I use these stress-relieving strategies – from breathwork and EFT tapping to mindfulness exercises and laughter – to quickly reduce anxiety and improve my emotional regulation. ADHD emotions are not only unstable and mercurial; they overlap, butt heads, and fight for our attention. Those of us with ADHD can feel a dozen emotions in an afternoon. We can also feel immature, out of control, and ashamed at the same time. The fight to rein in our emotions is emotionally and physically exhausting; it also chips away at our self-worth and overall well-being. Over time, I have developed several tools to address this by reducing my restlessness, agitation, impatience, and explosive anger (to name a few emotional challenges). Along the way, my relationships, career, and friendships have benefited as well. The next time your blood boils or your tears flow, try one (or all) of the following micro-techniques – which take... Read more

What Is Attachment Trauma?

Attachment trauma comes from a rupture in the bonding process between a child and their primary caregiver. Its effects can last well into adulthood. If you struggle with relationships, there’s a dominant cultural narrative that assumes there is something wrong with you. But science offers us a more expansive view: Our relationship challenges may be rooted in what’s known as attachment trauma. Attachment trauma is “a consistent disruption of physical and emotional safety in the family system. It is not what happens to you, but what happens inside you,” says Heather Monroe, a licensed clinical social worker (LCSW) in Nashville, Tennessee, who specializes in treating relational trauma. A child’s early life experiences shape their adult life, and the relationship with their primary caregiver is among the most important for their development. If a child doesn’t have their early relational needs met, this can show up later in life in their... Read more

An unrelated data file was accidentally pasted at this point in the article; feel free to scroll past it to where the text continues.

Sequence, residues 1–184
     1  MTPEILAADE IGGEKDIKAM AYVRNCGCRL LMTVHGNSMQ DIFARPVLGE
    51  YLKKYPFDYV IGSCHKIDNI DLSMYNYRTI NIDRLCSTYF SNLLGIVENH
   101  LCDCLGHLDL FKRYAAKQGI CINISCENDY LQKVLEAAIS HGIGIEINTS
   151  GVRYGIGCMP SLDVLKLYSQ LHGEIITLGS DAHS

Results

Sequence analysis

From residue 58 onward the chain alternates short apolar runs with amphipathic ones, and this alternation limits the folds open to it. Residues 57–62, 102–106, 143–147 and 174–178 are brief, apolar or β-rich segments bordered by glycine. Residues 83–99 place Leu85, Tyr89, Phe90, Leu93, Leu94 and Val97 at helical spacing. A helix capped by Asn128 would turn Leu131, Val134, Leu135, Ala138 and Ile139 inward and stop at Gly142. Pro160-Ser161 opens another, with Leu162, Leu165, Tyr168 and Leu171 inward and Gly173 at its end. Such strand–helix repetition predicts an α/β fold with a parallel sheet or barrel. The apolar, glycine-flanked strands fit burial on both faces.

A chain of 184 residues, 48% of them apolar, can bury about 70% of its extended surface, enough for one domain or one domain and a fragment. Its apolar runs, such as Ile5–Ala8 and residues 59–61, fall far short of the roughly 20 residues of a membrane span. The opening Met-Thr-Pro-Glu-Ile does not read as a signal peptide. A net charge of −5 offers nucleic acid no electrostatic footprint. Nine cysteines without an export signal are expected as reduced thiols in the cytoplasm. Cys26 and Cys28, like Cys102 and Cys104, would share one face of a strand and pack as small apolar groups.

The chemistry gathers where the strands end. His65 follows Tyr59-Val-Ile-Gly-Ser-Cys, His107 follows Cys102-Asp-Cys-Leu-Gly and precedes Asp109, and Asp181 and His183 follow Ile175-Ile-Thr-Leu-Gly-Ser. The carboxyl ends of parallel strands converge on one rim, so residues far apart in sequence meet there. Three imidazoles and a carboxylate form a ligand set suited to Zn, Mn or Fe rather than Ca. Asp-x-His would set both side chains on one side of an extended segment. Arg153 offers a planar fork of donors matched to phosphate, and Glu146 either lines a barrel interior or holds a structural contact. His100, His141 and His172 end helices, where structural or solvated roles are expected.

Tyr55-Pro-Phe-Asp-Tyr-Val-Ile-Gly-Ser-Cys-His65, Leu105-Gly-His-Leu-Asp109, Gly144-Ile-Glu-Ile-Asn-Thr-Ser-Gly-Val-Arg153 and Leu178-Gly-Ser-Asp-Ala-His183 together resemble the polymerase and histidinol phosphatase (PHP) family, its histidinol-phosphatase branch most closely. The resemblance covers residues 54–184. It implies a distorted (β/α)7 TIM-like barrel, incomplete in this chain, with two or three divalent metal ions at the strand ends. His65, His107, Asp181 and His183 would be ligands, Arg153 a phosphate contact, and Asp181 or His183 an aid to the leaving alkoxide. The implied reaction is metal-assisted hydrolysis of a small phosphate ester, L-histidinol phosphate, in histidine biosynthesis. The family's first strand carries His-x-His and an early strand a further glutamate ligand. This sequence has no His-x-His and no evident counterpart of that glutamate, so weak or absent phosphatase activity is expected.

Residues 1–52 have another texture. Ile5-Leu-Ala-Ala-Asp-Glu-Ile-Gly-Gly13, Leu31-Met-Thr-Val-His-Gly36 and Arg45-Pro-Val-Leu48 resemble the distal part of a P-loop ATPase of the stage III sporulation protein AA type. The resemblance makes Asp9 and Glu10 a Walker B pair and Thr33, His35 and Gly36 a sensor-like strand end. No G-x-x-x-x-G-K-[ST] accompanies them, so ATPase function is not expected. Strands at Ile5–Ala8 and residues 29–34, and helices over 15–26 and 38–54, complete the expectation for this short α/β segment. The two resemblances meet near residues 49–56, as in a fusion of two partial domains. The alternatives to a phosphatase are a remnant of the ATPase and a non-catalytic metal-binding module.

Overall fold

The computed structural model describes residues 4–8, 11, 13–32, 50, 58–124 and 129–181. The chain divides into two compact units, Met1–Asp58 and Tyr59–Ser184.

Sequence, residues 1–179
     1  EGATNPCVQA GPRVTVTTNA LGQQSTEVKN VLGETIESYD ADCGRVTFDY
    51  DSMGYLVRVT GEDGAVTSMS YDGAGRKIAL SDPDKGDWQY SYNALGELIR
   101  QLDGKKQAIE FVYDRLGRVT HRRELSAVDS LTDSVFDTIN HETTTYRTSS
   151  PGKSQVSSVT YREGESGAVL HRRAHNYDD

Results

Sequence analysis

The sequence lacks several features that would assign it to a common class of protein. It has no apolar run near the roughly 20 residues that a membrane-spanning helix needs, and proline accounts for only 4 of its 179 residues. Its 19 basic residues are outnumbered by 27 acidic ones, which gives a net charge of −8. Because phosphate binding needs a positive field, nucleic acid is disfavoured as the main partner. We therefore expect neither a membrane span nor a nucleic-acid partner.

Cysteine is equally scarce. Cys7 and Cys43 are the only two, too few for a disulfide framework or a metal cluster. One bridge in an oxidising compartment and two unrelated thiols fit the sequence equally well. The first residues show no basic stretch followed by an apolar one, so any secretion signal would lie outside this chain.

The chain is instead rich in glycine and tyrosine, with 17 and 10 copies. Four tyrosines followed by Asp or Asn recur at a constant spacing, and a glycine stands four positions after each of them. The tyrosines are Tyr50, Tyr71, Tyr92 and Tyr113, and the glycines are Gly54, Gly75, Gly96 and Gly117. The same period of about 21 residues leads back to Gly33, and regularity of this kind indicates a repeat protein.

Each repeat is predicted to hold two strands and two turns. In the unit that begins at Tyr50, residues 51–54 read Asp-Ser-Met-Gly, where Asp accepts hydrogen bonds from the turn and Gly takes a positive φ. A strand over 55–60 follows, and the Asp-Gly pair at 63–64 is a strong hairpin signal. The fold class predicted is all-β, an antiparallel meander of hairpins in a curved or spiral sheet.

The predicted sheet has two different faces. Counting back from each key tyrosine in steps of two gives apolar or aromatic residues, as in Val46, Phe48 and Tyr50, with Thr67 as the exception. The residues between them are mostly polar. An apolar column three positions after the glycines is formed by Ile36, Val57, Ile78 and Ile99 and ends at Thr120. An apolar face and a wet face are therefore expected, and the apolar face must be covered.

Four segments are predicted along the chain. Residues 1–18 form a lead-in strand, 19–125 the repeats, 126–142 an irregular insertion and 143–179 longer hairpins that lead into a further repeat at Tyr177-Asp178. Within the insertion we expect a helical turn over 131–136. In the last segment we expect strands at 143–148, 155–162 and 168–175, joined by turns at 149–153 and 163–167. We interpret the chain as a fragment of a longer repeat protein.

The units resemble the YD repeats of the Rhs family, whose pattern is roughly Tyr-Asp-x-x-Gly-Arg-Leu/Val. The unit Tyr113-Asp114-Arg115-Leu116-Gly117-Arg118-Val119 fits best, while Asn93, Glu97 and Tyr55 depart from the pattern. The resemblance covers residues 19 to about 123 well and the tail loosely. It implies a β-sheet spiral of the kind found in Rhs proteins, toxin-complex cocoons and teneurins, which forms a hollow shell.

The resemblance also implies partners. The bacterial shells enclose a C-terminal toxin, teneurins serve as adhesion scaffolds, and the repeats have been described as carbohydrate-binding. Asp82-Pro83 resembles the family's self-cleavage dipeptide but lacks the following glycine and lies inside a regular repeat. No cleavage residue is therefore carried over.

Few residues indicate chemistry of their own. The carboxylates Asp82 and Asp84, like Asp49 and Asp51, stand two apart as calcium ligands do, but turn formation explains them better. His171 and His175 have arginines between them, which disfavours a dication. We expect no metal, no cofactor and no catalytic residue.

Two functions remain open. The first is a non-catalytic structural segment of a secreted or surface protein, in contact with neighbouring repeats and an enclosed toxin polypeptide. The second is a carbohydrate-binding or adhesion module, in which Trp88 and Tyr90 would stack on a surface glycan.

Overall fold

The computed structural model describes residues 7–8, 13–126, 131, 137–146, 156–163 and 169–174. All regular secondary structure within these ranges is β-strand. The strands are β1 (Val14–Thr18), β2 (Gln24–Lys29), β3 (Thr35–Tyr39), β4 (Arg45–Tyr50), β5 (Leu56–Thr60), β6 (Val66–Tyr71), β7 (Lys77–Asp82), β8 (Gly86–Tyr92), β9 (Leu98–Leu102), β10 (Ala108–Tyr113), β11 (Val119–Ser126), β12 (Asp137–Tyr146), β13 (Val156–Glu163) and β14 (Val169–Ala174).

Health and Wellness: How stress leads to pain

People are dealing with more stress than ever right now and it’s impacting people in different ways. Many folks I speak with have been experiencing a rollercoaster of emotions — and their bodies are reflecting that. Stress impacts everything from your gut, to your immune system, to your mental health, to your musculoskeletal system. When it comes to musculoskeletal pain - common areas in your body that easily get impacted include your shoulders, jaw, head, and lower back. Stress is your human response to physical, emotional, or mental changes in your body or living environment. According to internal medicine physician Richard Lang, MD, PhD from the Cleveland Clinic: “Stress doesn’t necessarily cause certain conditions, but it can make the symptoms of those conditions worse.” And it’s easy to fall into a vicious cycle - whereas your physical symptoms worsen - your stress increases - and so on and so on.... Read more